Intel and AMD have long dominated the PC processor market, thanks to the fact that they have the exclusive power to make processors capable of running x86-64 code, but at the same time we keep reading and d hear that the x86 days are numbered and even when the time comes, Intel and AMD could go 100% ARM.
Why is there so much talk about ARMs lately?
Due to two events this year, on the one hand, the fact that Apple has stopped using Intel x86 processors for its Macintosh computers to create its own processors, based on the set of ARM registers and instructions. . The second reason was the purchase of ARM Holdings by NVIDIA, both events put ARM in the forefront of the news.
A market too crowded for Intel and AMD’s taste
ARM’s business model is to license its processors so that others can clone them or create technology compatible with them, in exchange ARM Holdings takes a small royalty for the rights to use the technology.
Intel and AMD, on the other hand, have exclusive use of the entire x86-64 ISA, through a series of cross-patents between the two companies, they enjoy an agreed oligopoly in which if you will to be able to run a program compiled in x86- 64 binary you will have to use a processor of these two brands, this causes a lack of price competition which keeps the prices of these processors high.
If Intel and AMD entered the ARM market, then there would be more to share the pie, which means price competition and less profit for them.
So why are we talking about the end of x86?
The answer is very simple: outright propaganda to justify Apple’s switch to its own processors.
Apple ditched x86 processors, not because they are bad processors as they continuously try to sell, but because Apple is unwilling to pay the high margins that Intel and AMD take for their processors.
The two ARM ecosystems in the domestic market
Due to the high profits of Intel and AMD, they can create an extremely complex architecture, on the other hand, in the ARM world, most of the participants do not raise enough capital to enter a trade war to the same degree than the x86 market,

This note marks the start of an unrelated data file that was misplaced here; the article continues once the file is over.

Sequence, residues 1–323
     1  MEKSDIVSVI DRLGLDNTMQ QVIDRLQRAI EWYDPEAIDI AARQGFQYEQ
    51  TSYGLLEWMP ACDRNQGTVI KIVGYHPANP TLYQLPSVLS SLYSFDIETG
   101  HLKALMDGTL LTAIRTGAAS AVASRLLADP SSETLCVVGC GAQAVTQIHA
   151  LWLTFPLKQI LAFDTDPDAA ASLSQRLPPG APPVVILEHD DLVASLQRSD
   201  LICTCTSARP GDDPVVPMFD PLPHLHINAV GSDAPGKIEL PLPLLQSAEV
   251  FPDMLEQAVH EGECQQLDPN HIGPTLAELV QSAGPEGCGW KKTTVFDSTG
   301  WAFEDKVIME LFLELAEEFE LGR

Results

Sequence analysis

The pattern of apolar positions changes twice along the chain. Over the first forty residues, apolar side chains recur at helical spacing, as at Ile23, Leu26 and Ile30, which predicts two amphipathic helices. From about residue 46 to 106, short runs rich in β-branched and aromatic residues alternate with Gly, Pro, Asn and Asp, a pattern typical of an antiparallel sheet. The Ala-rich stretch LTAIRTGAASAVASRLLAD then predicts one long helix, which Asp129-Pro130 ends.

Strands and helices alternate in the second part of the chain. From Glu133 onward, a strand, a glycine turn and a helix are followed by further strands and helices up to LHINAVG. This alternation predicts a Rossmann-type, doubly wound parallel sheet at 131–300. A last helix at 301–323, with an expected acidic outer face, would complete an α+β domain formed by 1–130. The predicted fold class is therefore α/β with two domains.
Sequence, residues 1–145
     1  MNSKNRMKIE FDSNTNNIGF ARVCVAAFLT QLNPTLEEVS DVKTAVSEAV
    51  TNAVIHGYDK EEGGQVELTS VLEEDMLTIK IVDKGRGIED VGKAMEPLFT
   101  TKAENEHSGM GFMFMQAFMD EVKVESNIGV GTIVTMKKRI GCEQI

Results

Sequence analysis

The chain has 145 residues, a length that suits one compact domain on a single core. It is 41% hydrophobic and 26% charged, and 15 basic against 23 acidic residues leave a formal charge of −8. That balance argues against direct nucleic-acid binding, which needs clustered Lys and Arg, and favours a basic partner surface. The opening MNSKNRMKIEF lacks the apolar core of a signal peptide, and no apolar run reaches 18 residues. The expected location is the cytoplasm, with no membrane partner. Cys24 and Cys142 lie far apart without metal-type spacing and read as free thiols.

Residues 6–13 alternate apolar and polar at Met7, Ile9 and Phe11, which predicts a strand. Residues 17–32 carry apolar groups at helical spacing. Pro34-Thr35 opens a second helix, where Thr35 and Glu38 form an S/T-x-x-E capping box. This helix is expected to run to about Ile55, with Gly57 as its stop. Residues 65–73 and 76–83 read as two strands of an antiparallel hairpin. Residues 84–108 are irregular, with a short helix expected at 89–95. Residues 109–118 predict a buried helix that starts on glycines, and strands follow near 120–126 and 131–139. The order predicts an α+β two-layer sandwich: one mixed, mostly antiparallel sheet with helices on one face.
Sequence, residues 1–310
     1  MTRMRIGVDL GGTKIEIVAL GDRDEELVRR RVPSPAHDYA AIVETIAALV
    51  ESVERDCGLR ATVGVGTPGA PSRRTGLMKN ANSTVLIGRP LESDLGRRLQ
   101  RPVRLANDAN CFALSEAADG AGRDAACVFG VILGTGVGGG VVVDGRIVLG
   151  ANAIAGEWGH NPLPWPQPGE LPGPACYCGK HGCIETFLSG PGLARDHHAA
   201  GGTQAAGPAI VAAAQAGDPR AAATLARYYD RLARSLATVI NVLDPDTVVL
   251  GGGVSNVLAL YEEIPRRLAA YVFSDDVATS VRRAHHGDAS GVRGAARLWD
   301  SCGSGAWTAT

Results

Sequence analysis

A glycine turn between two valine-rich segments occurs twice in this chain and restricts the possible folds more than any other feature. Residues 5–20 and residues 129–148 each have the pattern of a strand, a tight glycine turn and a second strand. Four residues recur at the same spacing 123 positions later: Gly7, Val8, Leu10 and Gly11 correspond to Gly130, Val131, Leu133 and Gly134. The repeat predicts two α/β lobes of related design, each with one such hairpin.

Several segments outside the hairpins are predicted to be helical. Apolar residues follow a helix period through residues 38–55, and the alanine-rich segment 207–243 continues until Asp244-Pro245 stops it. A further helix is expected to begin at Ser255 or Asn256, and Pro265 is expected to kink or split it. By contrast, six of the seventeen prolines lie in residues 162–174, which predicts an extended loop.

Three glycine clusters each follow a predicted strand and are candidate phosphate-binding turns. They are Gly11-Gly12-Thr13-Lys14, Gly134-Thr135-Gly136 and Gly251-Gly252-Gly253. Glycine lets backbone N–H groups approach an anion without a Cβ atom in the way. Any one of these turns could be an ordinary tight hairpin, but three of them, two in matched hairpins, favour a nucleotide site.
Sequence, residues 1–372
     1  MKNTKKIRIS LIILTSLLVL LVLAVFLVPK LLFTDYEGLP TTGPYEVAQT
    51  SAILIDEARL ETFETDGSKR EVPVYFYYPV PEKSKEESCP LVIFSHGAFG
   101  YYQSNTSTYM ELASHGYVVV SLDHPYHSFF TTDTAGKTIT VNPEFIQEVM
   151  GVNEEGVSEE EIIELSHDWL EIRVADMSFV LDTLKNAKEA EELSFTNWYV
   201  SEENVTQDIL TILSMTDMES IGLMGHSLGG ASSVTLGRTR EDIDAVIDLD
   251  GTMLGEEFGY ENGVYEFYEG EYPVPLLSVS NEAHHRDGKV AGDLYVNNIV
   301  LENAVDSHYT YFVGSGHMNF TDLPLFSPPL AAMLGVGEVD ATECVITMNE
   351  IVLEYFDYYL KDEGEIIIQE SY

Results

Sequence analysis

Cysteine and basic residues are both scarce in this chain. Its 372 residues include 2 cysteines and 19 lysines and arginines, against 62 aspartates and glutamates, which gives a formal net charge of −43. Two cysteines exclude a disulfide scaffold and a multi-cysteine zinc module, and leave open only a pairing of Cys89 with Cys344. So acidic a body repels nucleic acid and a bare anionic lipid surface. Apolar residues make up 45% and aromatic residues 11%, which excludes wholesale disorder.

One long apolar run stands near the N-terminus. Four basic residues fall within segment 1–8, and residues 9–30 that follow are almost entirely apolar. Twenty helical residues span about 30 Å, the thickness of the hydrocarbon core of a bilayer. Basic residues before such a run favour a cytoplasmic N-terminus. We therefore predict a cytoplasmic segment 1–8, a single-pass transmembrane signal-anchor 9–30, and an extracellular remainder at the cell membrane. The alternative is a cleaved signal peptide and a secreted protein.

It is true that some companies invest heavily in research and development, not for the computation of the ARM ecosystem, but for their own use in their products. If we look at brands like Apple, Qualcomm, NVIDIA, and many more that are in the industry, we will see that their contribution to the ARM ecosystem globally is nil.
In other words, two ARM ecosystems must be differentiated. The first of these is the one in which small businesses license PIs of ARM Holdings and sell products with very low margins, preventing them from building their own processors. The second ecosystem is one in which companies like Qualcomm, Apple and others are involved that create their own SoCs and technologies compatible with ARM ISA, but are not licensed products of ARM Holdings.
Niche data center market could drop x86
The reason we use x86 processor in our personal computers regardless of their type is that we need to be able to run the programs.
But in some environments there is no such dependence on x86, especially in environments where the software used is developed for a specific application. This is where cost savings from Linux distributions and processors with ISA ARM take center stage, as its users have no problem giving up using x86 processors since their software does not depend on them. .
AMD and Intel know that the domestic PC market will never be replaced by ARM, but what concerns them are the companies that have dedicated themselves to designing ARM processors not for smartphones or low-power devices. energy, but for powerful and powerful data centers.
Ditching x86 software, something that never worked
The problem Intel and AMD would face would be that a large number of programs would suddenly be ARM compatible and could be used on a large number of processors, which in theory would prompt people to switch to ARM. Of course, it turns out that the milkmaid fell and with her the milk jug broke and the whole house of cards in the air disappeared.
On PCs where we are used to using Windows, we would find that we should transfer all programs from x86 to ARM, which has been tried and has not worked very well and we have evidence of Microsoft’s attempt to do so. ‘ditch x86 for ARM.
The thing is not as simple as putting a PC with ARM, the point is that people still want to be able to use their programs.
In the early 90s when the first versions of Windows NT appeared there was one for every processor architecture, by the next version the vast majority were gone due to obsolescence and by the third version everything was exclusively x86-64. The lack of PC software running under ARM is what prevents the transition from running.
Intel and AMD have no reason to ditch x86
The answer is obvious, for Intel and AMD they have no incentive to abandon x86 processors, as this would break the duopoly they have and which allows them significant margins and profits.
So contrary to what many are saying, we are going to have x86 for a while, as there is no technical, economic, and software incentive that forces a transition to ARM when it comes to the PC market.